• I also experienced better results using my first name and the company, but not my last name. I want to remove any unnecessary words, and simplify my message as much as possible for the prospect. Not to mention, when talking to a friend, you’re on a first name basis.

  • I hate it when sales people ask me: “How are you?” I know they don’t care, and it’s honestly a waste of time asking. They’re interrupting my day, they’re a stranger to me AND they’re asking me a shallow question? Save that for people you’re acquainted with. Instead, I’d prefer to be asked “Have I caught you at a bad time?” for four reasons, so I tend to do the same:

1) It’s courteous and shows I respect the prospect’s time.

2) A question encourages the prospect to “buy-in” to the conversation; it takes two to tango.

3) When someone receives an unsolicited phone call, their immediate reaction in their mind is negative and hence no, no, no. By asking if I’ve caught them at a bad time, the answer “no” is actually the positive answer. This isn’t a Jedi mind trick, but it often buys you a bit more time to get your point across.

4) Even if I have caught them at a really bad time, the prospect often says “Yes, but can you call back in an hour?”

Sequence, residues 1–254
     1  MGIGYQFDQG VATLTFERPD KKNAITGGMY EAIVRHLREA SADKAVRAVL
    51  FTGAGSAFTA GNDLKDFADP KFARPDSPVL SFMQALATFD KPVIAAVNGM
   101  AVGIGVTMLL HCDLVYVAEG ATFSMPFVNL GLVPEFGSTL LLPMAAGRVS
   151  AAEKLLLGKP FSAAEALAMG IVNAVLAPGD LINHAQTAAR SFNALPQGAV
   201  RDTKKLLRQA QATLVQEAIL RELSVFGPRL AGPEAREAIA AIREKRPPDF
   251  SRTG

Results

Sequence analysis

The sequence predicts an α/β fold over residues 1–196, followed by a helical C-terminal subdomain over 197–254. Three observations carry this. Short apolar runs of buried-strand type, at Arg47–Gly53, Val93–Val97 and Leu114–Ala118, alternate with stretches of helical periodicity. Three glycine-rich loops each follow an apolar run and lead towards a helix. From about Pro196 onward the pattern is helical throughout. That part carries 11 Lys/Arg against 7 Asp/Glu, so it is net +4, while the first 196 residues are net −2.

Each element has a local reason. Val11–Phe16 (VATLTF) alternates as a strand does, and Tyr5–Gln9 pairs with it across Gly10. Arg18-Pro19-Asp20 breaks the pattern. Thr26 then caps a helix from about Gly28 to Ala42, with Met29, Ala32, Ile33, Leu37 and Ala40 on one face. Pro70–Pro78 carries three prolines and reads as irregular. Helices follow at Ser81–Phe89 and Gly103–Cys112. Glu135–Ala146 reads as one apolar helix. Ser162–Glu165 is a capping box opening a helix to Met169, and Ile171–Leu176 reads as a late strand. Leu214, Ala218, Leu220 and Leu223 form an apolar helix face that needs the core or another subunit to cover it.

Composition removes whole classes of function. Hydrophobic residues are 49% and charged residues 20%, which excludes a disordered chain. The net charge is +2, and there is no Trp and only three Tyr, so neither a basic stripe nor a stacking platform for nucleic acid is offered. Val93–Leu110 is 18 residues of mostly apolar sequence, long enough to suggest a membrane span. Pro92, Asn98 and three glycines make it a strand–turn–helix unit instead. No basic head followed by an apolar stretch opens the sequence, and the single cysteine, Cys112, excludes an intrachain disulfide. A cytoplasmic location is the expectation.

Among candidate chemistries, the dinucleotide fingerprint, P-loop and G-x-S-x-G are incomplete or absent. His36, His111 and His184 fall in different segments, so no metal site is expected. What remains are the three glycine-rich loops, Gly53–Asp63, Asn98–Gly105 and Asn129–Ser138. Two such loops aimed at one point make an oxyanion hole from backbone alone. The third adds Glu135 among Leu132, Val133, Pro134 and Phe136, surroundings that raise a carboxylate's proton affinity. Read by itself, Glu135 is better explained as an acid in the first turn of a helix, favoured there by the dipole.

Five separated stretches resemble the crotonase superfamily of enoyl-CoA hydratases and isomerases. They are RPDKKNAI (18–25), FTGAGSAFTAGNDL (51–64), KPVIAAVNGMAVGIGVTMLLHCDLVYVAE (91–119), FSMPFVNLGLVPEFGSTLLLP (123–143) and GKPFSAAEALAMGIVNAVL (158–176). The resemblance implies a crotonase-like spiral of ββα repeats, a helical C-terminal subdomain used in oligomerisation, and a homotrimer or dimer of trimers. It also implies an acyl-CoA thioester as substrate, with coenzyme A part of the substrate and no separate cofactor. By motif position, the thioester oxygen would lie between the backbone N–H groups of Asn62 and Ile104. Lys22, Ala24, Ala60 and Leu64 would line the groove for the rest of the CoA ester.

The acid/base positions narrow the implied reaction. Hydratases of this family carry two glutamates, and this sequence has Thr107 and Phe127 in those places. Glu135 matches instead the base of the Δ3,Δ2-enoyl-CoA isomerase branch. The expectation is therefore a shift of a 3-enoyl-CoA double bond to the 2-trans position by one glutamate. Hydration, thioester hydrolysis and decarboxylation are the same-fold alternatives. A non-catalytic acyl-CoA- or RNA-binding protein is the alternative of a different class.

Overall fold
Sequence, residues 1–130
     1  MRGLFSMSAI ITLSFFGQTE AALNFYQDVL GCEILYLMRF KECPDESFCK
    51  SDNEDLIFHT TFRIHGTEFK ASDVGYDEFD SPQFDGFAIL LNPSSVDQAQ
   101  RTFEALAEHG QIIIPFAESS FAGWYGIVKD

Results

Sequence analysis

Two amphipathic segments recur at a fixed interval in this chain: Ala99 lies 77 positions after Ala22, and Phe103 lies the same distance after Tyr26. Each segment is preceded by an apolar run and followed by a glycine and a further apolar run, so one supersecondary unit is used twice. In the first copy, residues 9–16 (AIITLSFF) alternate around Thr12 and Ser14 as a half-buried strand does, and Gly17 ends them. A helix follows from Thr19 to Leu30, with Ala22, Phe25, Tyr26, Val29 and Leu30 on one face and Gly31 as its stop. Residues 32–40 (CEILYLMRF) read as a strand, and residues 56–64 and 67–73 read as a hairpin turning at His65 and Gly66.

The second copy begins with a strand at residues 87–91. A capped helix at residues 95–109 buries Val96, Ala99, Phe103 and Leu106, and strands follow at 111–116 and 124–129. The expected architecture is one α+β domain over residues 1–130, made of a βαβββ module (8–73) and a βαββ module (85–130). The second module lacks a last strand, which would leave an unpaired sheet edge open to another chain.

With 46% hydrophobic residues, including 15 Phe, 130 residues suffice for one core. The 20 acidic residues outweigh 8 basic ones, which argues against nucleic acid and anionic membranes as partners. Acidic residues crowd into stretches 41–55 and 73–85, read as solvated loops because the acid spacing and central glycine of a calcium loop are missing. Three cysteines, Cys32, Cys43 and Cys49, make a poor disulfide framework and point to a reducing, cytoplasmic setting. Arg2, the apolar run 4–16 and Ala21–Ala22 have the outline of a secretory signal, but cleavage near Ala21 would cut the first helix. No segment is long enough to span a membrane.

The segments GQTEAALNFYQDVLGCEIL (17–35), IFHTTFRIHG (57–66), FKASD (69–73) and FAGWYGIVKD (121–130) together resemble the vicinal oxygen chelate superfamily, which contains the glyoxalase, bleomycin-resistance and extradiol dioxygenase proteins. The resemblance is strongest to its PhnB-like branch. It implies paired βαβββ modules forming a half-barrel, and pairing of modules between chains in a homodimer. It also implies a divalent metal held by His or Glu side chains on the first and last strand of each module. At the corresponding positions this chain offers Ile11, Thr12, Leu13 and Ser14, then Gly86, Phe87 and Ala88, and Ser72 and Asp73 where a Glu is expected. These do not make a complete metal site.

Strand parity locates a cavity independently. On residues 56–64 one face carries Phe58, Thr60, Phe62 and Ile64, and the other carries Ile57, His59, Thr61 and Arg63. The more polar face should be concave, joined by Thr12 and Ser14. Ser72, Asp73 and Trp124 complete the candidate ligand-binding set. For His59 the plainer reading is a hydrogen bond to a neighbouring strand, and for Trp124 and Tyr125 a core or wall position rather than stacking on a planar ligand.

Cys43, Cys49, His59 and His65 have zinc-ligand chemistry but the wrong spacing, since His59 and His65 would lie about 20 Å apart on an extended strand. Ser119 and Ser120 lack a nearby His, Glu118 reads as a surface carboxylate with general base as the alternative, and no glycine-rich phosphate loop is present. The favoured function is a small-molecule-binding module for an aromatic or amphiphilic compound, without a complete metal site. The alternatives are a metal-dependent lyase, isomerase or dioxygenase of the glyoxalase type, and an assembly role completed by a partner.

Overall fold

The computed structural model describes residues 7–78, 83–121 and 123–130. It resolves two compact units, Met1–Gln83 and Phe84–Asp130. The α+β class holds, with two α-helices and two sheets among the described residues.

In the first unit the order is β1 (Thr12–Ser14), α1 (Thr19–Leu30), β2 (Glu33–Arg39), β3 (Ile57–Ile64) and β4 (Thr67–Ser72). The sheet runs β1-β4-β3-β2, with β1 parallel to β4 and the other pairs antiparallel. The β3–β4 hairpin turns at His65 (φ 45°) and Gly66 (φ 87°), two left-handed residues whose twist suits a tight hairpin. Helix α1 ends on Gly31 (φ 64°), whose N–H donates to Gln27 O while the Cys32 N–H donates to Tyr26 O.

The Reason

The reason I’m calling is because we’re helping the big law firms in Adelaide with their property valuation needs, and I thought you might be interested too. Then stop talking and wait.

  • The aim of stating the intention of my call cuts to the chase and “sets a hook” in the prospect. I want to create enough interest so they want to learn more. But you don’t have to hit the prospect with facts and figures; you just have to arouse curiosity. Remember, people buy from people. Be real and authentic.

  • The way you deliver this is crucial. You must be articulate, but excited; clear but upbeat.

  • I realise this pitch on paper doesn’t sound exactly exciting, but the reason it works for me is because (most) lawyers are open to learning about how we can benefit them and their clients.

  • I tried different variations such as: “The reason I’m calling is because we help save lawyers time and money with property valuations…” but the response I got was that it was “too salesy,” and they became more hostile over the phone.

  • “…we’re helping the big law firms in Adelaide…” is social proof that we’re helping companies LIKE them, and we’re local. This cements a trust in the prospect that we can actually provide some value to them.

  • “…and I thought you might be interested too.” Who could be angry at that? I disarm the prospect but letting them know I’m not selling anything at this stage; all I’ve done is explain we’ve helped others like them and now I’m thinking we MIGHT be able to help them too. This provides a great avenue for more questions regardless if their response is “yes” or “no.”

  • Then stop talking and wait for a response. In many instances, the prospect has already started talking, but if not, use the silence to create an atmosphere where the prospect HAS to say something. Often the prospect is interested and wants to hear how we can help, but on the odd occasion some they say they’re not interested.